Wednesday, 26 October 2011 00:00 Opeyemi Agbaje
The global economic environment is decidedly more risky and the chances of a second developed world financial crisis are clearly elevated! In its recent World Economic Outlook (WEO) released in September 2011, the IMF warns that “the global economy is in a dangerous new phase” due to the convergence of slower recovery in advanced economies and “a large increase in fiscal and financial uncertainty which has been particularly pronounced since August”. Uncertainty derives from sovereign debt concerns in Europe-Greece, Portugal, Ireland, Iceland and Spain initially, but concerns now include Belgium and even Italy-and worries that European banks and financial system could be affected as they hold the bonds of these countries. Only Britain and Germany are not been mentioned and even then British banks may themselves be tarred in the event of sovereign default.
Meanwhile oil and commodity prices appear to have peaked since April in the case of oil, and February for some food prices. Oil prices have declined for six straight months, with OPEC basket going below $100 per barrel for the first month close since February while the FAO food price index stood at 231 points in August, down from February peak of 238. The IMF WEO reviewed global growth prospects for 2011 and 2012 down to 4% with the structure of uneven growth between developed economies (1.6% and 1.0%) and developing and emerging economies (6.4% and 6.1%) projected for the next two years. The Fund states that risks are clearly to the downside! In spite of declining oil prices, lower global growth prospects, falling foreign exchange reserves and clear pressure on our exchange rates, the federal government released the Medium Term Expenditure Framework (MTEF) for 2012-2015 in which oil prices were projected at $75 per barrel and exchange rates at N153/$ for 2012-2015. This was at a time the CBN was already selling dollars at close to N155/$! The MTEF however factored in supposedly less optimistic scenarios for oil prices at $70 and $65 per barrel. Cynics may describe the three scenarios-$75, $70 and $65 as all optimistic scenarios!!! The last time oil markets fell in 2008, they reached below $40 per barrel!
In concluding that risks were to the downside, the IMF noted there would be vulnerabilities in some emerging economies-in my view Nigeria would be one clear possibility. As we were reminded in 2008, slower growth in developed economies means slower oil demand, which implies lower oil prices. The Nigerian economy remains structurally dependent on oil prices for government revenues, foreign exchange reserves and exchange rates! As oil prices fall, while oil importing nations rejoice, Nigeria experiences an oil price shock. We may be in line for another one if current oil price patterns persist! The CBN increased the Monetary Policy Rate to 9.25% on September 19 and shocked markets on October 10 with another increase, this time by 275 basis points! The CBN sticks to its stubborn (and perhaps emotional) rigidity concerning flexibility around exchange rates as it seeks to battle inflationary pressures. If CBN had taken the counsel of the IMF in terms of exchange rate flexibility and discouraging one-way bets against the Naira several months ago, perhaps the bank could have avoided its current exchange rate/interest rate quagmire!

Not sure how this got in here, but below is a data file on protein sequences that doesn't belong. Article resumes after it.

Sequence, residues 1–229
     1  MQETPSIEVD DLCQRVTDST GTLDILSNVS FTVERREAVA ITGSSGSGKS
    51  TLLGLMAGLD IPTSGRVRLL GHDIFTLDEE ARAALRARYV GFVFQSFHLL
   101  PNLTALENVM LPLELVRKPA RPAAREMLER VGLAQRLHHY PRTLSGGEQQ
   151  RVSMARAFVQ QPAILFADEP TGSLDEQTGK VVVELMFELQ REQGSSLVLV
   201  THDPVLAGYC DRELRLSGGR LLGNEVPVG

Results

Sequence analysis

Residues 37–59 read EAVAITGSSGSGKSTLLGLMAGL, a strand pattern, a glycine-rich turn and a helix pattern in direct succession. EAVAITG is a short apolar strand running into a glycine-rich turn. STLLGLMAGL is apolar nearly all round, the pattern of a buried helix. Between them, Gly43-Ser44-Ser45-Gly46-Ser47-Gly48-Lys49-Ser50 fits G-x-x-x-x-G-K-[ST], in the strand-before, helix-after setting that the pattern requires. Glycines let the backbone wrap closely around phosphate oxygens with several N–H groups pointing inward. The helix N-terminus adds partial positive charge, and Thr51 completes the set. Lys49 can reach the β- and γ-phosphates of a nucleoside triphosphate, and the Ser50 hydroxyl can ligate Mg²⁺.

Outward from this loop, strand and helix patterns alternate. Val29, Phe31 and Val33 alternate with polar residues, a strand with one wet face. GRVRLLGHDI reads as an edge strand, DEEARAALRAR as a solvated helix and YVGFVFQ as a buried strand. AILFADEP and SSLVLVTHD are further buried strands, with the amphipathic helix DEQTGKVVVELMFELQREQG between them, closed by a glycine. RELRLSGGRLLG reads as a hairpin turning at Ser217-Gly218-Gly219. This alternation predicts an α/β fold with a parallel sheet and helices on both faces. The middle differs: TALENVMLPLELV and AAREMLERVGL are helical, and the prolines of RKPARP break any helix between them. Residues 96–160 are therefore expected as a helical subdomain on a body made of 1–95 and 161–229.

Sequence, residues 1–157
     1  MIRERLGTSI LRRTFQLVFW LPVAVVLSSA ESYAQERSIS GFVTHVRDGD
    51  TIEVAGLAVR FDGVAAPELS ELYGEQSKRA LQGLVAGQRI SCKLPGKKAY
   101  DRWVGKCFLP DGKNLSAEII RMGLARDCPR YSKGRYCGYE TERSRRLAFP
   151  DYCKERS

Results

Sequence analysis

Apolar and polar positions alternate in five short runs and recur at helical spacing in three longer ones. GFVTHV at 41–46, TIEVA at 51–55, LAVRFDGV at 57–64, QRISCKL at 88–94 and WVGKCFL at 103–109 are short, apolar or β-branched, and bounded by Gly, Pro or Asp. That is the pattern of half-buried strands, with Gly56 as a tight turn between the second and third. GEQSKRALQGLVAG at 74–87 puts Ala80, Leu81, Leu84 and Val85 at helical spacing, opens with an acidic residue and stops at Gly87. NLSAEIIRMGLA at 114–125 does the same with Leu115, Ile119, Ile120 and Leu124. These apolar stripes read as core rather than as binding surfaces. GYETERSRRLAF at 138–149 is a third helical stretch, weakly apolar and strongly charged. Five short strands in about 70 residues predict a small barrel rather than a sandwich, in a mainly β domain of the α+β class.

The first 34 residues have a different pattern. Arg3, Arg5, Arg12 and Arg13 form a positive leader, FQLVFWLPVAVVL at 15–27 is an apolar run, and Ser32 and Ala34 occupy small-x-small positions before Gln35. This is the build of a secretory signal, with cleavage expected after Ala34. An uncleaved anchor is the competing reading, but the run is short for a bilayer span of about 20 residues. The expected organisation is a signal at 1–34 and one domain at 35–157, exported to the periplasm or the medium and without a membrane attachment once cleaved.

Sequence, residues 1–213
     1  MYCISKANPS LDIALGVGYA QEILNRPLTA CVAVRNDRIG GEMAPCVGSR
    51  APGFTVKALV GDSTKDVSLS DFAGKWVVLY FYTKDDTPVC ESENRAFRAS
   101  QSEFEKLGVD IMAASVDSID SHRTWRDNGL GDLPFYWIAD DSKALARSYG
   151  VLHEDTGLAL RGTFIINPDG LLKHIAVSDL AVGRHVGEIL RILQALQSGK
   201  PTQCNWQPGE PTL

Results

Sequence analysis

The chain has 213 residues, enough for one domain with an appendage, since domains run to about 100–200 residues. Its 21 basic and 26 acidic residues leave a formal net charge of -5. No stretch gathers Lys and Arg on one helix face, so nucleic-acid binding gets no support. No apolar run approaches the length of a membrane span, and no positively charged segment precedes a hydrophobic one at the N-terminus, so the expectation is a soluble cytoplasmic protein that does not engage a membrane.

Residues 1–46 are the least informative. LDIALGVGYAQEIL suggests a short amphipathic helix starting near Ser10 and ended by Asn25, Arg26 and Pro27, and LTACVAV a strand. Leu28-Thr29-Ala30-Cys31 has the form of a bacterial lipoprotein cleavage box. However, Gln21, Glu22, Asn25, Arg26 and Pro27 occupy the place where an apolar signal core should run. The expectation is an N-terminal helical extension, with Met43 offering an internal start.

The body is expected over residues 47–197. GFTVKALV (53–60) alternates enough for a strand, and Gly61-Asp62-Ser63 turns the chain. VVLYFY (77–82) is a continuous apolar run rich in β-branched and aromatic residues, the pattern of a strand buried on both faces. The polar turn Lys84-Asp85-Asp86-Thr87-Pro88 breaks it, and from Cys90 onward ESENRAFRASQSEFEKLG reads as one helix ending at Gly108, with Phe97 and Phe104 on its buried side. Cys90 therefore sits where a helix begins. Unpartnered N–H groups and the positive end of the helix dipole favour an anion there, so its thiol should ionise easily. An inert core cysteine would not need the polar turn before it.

In the event, CBN has provided generous dollar subsidies to capital flight, export of corruption proceeds, currency speculation, foreigners, traders and consumption! The only worthwhile beneficiaries of this huge subsidy are manufacturers who constitute only 4% of GDP!!! Meanwhile a N15 margin has emerged between the official CBN rate and all other rates, providing an irresistible incentive to “round-tripping” and fuelling additional surge in foreign currency demand!!! The country has gone through eighteen months of extraordinarily high post-recession oil prices without a single dollar of additional savings, frittered away to the above-listed categories of lucky beneficiaries. Someday someone in CBN or the National Economic Management Team (NEMT) will recognise an unsustainable exchange rate management strategy!!!
The economy however continues to grow above 7% with the star sector being telecommunications consistently over 30%; other high growth sectors include solid minerals, building and construction, hotels and restaurants, wholesale and retail trade, and real estate all between 10.4% and 12.3%. The problem remains that growth is not inclusive because of the structure of our economy (growth is dominated in weighted terms by sub-modern agriculture dependent on rainfall patterns, crude oil exports with no domestic value chain, and trading in imported goods; sectors which can generate jobs are either too small in GDP terms of growing too slow) and unemployment at 21.1% is too high. But policy appears to be rising to the challenge. The outlines of a sensible agriculture policy is emerging; power sector road map implementation appears to be proceeding; governance is beginning to look more competent; and there is leadership on the economic front.
The financial sector has been a drag on private sector performance and may have boosted unemployment since industry turmoil appeared in 2009, but then resolution appears to have been achieved through nationalisations and the recently-concluded recapitalisations and mergers. We hope the industry will now be left alone to experience stability and growth, and to play its role of economic intermediation.